Congresswoman Louise Slaughter, D-NY, 28th District, this week applauded the New York State Department of Environmental Conservation for agreeing to continue monitoring air quality in the neighborhoods surrounding Tonawanda Coke. The DEC announced that two air monitors in Tonawanda will remain in operation through 2012 and 2013.
"The air monitoring being done by the DEC has been invaluable to the residents living near Tonawanda Coke. I believe that it is because of the monitoring they're doing, and the incredible community involvement by the Clean Air Coalition, that has forced a change in Tonawanda Coke for the better," said Slaughter. "But we know that it would be all too easy to change course so I applaud the DEC for the work they have done and the monitoring they've pledged to do today. Thanks to their DEC's continued air monitoring, Tonawanda residents will be able to breathe easier."
Slaughter represents Grand Island in the House of Representatives. Last week she urged the DEC to maintain the air monitoring operation in the Tonawanda industrial area and penned a letter to DEC Commissioner Joseph Martens, saying their presence is "vitally important to the well being of the greater Tonawanda community and to the continued environmental progress of the region."
According to Slaughter, millions of pounds of toxins are released from 53 facilities and two major highways in Tonawanda. Erin Heaney, executive director of the Clean Air Coalition, said Grand Island is "right across the river from the highest concentration of air polluters in New York state."
"I have spoken with many GI residents who complain of strong odors and diminished quality of life due to the high levels of air pollution," Heaney said.
Slaughter cited the positive effects that the monitoring has had on the local air quality, notably a drop in benzene levels by 86 percent, but cautioned against ending the monitoring prematurely.
A 2009 recent report found dangerous levels of benzene in the sky above Tonawanda. Benzene is a dangerous carcinogen. As a result of out of control air pollution, some neighborhoods in Tonawanda have a risk of developing cancer 100 times greater than that of the New York state guideline.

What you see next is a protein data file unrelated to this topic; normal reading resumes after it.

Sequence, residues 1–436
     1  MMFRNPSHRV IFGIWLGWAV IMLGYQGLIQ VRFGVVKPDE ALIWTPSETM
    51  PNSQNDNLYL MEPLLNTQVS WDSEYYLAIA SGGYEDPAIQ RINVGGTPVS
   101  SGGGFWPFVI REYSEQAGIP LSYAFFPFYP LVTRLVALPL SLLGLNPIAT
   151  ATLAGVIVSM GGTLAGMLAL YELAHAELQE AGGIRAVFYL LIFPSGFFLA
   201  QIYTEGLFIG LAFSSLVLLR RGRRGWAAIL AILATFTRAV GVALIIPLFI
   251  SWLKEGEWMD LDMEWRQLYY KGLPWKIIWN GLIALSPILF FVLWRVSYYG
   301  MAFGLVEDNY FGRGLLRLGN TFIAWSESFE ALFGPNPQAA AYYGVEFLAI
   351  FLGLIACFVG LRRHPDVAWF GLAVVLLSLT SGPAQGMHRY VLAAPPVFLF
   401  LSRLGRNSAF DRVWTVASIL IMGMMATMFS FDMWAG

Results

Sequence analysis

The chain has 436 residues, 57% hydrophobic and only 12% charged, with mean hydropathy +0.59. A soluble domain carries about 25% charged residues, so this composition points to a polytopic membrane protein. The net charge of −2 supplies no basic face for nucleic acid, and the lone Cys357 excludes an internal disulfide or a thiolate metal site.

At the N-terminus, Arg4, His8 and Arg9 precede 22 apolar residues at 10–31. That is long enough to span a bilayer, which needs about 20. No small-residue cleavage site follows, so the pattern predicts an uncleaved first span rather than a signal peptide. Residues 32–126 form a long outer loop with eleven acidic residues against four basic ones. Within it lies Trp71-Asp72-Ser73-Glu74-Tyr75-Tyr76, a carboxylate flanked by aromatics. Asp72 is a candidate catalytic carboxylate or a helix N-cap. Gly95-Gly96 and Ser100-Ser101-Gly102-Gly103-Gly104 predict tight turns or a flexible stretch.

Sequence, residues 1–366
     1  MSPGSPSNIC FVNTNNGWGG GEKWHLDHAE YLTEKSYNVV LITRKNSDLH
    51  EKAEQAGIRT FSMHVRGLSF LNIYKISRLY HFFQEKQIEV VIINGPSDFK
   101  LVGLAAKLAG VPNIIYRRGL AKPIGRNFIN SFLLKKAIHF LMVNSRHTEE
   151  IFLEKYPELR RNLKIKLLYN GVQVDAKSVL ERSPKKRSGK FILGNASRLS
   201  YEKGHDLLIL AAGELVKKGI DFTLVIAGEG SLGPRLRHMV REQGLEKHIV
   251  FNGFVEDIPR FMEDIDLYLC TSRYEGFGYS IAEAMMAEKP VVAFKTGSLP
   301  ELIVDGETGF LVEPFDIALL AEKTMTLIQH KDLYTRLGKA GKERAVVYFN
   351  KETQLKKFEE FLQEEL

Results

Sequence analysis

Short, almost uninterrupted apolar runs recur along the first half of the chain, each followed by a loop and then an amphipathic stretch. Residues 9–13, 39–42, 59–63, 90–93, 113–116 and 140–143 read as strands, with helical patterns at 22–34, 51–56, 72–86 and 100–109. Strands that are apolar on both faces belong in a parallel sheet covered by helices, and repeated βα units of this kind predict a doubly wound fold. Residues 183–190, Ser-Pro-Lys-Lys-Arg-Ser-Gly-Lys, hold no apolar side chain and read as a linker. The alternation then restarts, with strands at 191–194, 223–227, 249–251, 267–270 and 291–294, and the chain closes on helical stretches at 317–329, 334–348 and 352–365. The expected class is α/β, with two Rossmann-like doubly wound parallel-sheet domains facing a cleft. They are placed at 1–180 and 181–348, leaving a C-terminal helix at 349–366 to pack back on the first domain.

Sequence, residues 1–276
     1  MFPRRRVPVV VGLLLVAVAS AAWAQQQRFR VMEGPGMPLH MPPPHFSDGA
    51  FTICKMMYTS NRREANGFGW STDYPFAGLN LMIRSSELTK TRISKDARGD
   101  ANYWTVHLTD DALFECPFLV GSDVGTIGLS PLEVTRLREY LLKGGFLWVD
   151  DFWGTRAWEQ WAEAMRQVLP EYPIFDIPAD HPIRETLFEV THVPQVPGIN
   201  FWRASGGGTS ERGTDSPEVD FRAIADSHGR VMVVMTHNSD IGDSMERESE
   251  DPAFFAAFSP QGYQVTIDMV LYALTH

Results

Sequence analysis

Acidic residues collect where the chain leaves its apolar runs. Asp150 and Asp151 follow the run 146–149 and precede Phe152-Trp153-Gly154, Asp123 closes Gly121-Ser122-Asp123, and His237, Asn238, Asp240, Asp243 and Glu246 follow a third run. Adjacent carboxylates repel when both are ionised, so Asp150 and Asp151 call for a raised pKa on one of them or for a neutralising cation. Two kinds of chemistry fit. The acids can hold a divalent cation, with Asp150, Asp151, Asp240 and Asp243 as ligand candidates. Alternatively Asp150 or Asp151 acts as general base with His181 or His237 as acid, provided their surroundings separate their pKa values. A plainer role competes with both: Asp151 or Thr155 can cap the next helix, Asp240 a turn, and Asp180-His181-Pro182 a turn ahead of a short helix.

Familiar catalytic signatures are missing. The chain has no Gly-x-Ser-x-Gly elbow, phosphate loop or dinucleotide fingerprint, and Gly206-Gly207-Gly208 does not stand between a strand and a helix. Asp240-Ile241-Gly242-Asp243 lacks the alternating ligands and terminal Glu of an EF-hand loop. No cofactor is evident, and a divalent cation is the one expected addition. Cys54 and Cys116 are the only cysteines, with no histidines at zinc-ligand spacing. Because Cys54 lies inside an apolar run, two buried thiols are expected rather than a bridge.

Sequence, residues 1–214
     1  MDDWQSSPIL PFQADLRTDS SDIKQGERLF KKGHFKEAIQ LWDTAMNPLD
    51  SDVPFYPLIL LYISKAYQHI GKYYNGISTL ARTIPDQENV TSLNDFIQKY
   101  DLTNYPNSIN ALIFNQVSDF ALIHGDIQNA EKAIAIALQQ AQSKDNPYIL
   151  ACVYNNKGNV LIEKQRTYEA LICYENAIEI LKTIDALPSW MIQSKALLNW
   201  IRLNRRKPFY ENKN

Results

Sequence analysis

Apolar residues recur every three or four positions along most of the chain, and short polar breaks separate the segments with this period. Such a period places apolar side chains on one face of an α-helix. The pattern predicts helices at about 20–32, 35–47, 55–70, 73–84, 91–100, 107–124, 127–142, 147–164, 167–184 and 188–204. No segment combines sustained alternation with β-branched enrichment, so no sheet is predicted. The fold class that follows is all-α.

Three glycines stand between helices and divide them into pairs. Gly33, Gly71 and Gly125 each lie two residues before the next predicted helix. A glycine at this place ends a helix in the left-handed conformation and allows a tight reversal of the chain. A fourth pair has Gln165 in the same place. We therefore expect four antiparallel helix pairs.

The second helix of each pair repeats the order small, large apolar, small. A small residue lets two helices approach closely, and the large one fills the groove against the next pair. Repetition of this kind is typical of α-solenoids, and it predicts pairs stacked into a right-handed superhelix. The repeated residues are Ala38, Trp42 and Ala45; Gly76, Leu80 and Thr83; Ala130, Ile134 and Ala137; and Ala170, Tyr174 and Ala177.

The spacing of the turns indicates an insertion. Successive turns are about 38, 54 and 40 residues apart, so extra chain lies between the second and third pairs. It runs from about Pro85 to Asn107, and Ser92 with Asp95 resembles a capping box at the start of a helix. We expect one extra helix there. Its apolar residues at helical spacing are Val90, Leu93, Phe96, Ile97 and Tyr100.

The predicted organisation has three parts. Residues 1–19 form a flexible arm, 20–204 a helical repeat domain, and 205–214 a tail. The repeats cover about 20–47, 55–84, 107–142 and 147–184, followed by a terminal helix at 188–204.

Slaughter has been a long-time partner of the Clean Air Coalition. In March 2011, Slaughter applauded the U.S. Environmental Protection Agency for awarding a $10,000 grant to Clean Air Coalition of Western New York to address the risks from multiple sources of toxic pollution in their environment.
A month earlier, Slaughter submitted a statement to the Congressional Record making the case for the Clean Air Act citing the important work yet to come to improve air quality in Tonawanda and across the country. She said in part,
"During my time serving the 28th District of New York, I have received multiple letters from the people of Tonawanda telling me about how their family and loved ones have developed cancer, asthma and other illnesses due to the extremely poor air quality in their community. Today, I would like to share the story of Ann, a woman who has lived in Tonawanda for 16 years. Ann's mother and father moved to the city to fulfill the American dream of owning their own home. Ann's mother cultivated her own garden in her yard, spending her free time outside gardening and breathing in what she thought was fresh, New York air. Sadly, Ann lost her mother to cancer at the young age of 67, just nine years after moving to Tonawanda and breathing the dirty air. Ann can't help to think that if only her family knew what toxic, cancerous chemicals the local facilities were pumping into the air, they could have protected the health of their loved ones. Mr. Speaker, I rise in support of upholding the Clean Air Act and supporting the Environmental Protection Act in doing its work to protect the American people against dangerous corporate polluters."
And in 2009, Slaughter wrote to then-DEC Commissioner Pete Grannis asking that the DEC develop a benzene reduction plan as soon as possible to significantly reduce benzene emissions from the Tonawanda Coke plant, located across the East Niagara River from Ferry Village.